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Christchurch shootings: New Zealand MPs vote to change gun laws

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Media captionNew Zealand PM, Jacinda Ardern: "These weapons were designed to kill"

New Zealand's parliament has voted to ban military-style semi-automatic weapons following the Christchurch attacks.

The gun reform bill passed 119-1 after the final reading in parliament.

It is expected to become law within the next few days after receiving royal assent from the governor general.

PM Jacinda Ardern announced changes to the law after 50 people were killed last month by a suspected lone gunman at two mosques in Christchurch.

Holding back tears, she told parliament on Wednesday that MPs were there "because of the victims and families". She said that when she had visited the injured in hospital none of them had had just one gunshot wound.

"They will carry disabilities for a lifetime and that's before you consider the psychological impact," she said.

"These weapons were designed to kill, and they were designed to maim and that is what they did on the 15th of March."

Australian Brenton Tarrant, a self-proclaimed white supremacist, faces 50 murder charges and 39 attempted murder charges.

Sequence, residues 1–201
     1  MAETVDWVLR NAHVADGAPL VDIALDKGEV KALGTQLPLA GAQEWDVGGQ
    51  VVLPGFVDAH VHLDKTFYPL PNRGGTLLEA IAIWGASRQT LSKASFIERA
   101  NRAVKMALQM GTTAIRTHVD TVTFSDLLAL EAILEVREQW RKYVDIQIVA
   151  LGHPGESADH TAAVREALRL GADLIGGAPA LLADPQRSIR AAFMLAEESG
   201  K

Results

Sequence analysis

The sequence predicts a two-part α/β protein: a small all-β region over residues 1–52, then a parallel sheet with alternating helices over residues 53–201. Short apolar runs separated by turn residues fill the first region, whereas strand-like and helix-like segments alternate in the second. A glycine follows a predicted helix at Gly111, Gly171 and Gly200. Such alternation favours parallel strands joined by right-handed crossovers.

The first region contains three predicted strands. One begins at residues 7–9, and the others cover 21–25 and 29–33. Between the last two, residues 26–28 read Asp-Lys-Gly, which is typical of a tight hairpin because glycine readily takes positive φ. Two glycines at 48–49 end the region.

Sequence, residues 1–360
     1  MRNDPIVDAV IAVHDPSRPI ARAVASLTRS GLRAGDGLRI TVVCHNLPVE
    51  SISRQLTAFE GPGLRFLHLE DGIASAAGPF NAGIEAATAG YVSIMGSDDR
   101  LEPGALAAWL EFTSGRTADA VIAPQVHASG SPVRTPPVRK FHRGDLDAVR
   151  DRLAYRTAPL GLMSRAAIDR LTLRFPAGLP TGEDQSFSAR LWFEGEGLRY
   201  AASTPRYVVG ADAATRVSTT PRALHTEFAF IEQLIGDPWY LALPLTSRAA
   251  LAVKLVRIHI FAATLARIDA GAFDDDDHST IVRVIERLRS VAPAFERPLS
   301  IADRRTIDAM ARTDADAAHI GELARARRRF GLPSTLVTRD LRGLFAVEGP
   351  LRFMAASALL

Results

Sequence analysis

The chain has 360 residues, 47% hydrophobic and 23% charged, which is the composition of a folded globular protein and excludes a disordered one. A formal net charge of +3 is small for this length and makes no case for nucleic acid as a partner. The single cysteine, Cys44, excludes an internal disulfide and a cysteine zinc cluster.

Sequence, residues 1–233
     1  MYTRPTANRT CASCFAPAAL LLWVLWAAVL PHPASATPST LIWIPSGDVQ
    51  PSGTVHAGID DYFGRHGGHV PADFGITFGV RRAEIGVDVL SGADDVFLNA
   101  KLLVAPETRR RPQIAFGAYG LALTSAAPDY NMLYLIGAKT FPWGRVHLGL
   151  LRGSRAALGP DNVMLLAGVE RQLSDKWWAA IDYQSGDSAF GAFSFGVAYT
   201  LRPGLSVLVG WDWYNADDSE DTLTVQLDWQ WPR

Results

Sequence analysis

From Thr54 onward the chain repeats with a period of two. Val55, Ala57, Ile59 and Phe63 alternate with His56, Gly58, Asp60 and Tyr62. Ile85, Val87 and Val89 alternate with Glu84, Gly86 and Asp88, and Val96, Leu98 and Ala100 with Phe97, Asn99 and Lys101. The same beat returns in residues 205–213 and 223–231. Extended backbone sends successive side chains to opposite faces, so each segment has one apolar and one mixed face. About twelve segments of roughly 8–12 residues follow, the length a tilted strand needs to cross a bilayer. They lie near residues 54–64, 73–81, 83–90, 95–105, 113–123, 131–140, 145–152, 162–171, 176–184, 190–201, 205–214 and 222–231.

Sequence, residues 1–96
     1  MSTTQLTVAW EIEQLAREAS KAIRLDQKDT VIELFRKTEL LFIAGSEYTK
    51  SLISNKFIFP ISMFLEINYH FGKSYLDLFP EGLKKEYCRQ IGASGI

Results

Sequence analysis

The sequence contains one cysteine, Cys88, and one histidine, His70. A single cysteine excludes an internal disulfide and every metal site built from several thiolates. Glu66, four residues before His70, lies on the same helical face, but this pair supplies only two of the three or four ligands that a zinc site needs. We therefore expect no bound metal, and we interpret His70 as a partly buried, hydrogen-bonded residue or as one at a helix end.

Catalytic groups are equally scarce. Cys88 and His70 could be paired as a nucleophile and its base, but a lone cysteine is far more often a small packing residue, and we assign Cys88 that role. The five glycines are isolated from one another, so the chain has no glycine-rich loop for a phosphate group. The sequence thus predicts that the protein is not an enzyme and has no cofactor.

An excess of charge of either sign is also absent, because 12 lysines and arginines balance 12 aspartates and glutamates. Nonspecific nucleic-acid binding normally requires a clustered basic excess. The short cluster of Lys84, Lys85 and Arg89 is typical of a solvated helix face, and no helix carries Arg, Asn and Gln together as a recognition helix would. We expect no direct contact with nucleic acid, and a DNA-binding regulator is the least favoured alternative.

What will change?

The new rules make changes to 1983 gun laws which have been the subject of several reform attempts.

They prohibit military-style semi-automatic weapons and parts that can be used to assemble prohibited firearms.

The gunman, armed with semi-automatic rifles including an AR-15, is believed to have modified his weapons with high-capacity magazines so they could hold more bullets. The magazine is the part of the gun which stores ammunition.

Those breaking the new laws will face between two and ten years in jail. An amnesty will be in place until the end of September.

Who opposed the bill?

David Seymour, leader of the ACT party, was the only MP to come out against the bill, although he did not oppose the proposed changes to gun laws.

He said the bill was "not an attempt to improve public safety" but "an exercise in political theatre".

He said he believed the rush to put the bill through the house had made the law worse than doing nothing.

Jacinda Ardern said parliament was "almost entirely united". "I cannot imagine circumstances where that is more necessary than it is now," she added.

Victims of the Christchurch shootings

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